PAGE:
political-framing

Political Framing

This is usually a conscious choice by journalists – in this case, a frame refers to the way media as gatekeepers organize and present the ideas, events, and topics they cover.

Most of the time framing is a technique used by politicians or their advisers to favor a wished representation of the facts, usually when things went wrong.

spinning

Political Spinning

This is called spinning. The main objective is to lure the public into  believing propaganda. A standard approach used in “spinning” is to reframe, reposition, or otherwise modify the perception of an issue or event, to reduce any negative impact it might have on public opinion.

Spinning might be discovered by misleading or false

  • Metaphors: To give an idea or program a new meaning by comparing it to something else. See for an analysis of political metaphor here.
  • Stories (myths and legends): To frame a subject by an anecdote in a vivid and memorable way. For an introductory text, see story telling in politics.
  • Traditions (rites, rituals and ceremonies): To pattern and define an organization at regular time increments to confirm and reproduce organizational values.
  • Slogans, jargon and catchphrases: To frame a subject in a memorable and familiar fashion. Here a list of political sloganscatch phrases, buzzwords and jargon.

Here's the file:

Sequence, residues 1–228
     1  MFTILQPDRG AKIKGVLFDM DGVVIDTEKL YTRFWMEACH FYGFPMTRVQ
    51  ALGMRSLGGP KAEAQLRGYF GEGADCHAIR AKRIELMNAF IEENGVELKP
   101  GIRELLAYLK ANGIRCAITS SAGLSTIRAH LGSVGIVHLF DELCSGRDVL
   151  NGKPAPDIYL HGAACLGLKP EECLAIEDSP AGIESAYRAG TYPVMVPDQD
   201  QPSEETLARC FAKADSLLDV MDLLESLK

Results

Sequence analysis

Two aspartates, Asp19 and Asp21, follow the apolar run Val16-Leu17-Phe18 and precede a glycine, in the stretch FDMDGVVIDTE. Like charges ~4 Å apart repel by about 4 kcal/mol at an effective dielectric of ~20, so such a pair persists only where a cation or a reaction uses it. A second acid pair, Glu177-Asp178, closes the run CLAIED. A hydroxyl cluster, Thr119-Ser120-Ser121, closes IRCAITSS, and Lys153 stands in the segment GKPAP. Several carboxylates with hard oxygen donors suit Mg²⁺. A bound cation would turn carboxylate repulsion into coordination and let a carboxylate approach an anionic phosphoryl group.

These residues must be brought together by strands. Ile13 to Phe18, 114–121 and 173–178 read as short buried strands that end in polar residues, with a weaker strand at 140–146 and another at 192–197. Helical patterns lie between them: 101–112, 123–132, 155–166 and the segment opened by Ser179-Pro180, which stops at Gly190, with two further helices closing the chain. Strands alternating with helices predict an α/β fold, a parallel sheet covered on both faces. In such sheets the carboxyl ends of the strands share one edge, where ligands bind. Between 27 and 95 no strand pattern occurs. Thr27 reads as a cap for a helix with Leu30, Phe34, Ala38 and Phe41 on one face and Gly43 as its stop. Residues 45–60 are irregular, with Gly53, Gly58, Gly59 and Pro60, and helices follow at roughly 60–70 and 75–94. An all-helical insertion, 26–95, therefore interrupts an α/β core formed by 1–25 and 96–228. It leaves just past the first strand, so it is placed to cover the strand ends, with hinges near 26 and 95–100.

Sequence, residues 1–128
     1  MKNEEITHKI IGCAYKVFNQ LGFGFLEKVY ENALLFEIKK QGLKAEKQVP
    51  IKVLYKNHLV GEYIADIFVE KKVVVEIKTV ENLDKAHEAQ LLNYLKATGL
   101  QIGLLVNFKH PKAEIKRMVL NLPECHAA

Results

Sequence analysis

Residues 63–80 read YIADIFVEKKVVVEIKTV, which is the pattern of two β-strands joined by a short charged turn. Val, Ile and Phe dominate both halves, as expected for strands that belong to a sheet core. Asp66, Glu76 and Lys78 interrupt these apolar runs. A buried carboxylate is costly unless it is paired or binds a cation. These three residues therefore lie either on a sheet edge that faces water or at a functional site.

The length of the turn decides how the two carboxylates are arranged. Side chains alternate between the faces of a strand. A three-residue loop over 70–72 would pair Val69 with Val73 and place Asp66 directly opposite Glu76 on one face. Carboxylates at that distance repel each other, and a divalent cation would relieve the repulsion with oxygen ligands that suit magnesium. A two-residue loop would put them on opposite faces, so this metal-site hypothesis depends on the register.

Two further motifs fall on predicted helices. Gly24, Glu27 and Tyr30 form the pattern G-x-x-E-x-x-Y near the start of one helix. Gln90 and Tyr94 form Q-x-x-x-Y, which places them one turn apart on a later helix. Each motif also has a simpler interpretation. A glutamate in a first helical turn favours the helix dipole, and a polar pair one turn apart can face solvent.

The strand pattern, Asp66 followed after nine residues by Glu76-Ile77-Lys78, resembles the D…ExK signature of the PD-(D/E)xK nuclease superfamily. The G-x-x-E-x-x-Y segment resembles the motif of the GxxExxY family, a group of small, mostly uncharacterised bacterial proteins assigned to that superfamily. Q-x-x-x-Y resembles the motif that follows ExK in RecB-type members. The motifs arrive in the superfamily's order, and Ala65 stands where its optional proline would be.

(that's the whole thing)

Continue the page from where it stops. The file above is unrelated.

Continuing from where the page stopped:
• Artifacts: To illuminate corporate values through physical vestiges (sometimes in a way language cannot). Look here for 25 Amazing Political Artifacts From the New-York Historical Society
  • Contrasts: To describe a subject in terms of what it is not. For an introduction read Contrast in Presentations Creates Contour

spin

Save

Cold Cases –

cold_case_cast

What could we learn from solved cold cases? What has caused that the case is solved after years of investigations without results? What were the reasons that a solution was waiting for discovery, but never did? Solved cold cases are illustrative for how we think wrongly.

In September 1961, 25-year-old Lucy Johnson, mother of one, was at her home in Surrey, British Colombia. She was not seen the next day. Or the next. Or for the next 52 years.
For one reason or another, Lucy was not reported missing until four years later. Obviously, this raised questions, and suspicion fell on her husband Marvin. Police even dug up the husband’s backyard in search of a body, but they found nothing. Decades passed, Marvin died, and there seemed no hope of solving the case.

 

According to Wikipedia, a cold case is a crime or an accident that has not yet been fully solved and is not the subject of a recent criminal investigation, but for which new information could emerge from new witness testimony, re-examined archives, new or retained material evidence, as well as fresh activities of the suspect.

However, it is not always new and fresh information that helps to solve the case, but new perceptions. Even new information tends to be interpreted in old perceptions. Information is not perception.